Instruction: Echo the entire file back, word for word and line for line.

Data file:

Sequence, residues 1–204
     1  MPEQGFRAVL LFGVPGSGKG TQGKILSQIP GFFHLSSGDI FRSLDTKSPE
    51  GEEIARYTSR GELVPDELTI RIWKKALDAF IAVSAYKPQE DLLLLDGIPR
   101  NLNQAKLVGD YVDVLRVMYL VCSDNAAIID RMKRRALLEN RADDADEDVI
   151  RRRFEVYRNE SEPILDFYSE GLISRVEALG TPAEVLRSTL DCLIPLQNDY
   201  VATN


Sequence, residues 1–204
     1  MPEQGFRAVL LFGVPGSGKG TQGKILSQIP GFFHLSSGDI FRSLDTKSPE
    51  GEEIARYTSR GELVPDELTI RIWKKALDAF IAVSAYKPQE DLLLLDGIPR
   101  NLNQAKLVGD YVDVLRVMYL VCSDNAAIID RMKRRALLEN RADDADEDVI
   151  RRRFEVYRNE SEPILDFYSE GLISRVEALG TPAEVLRSTL DCLIPLQNDY
   201  VATN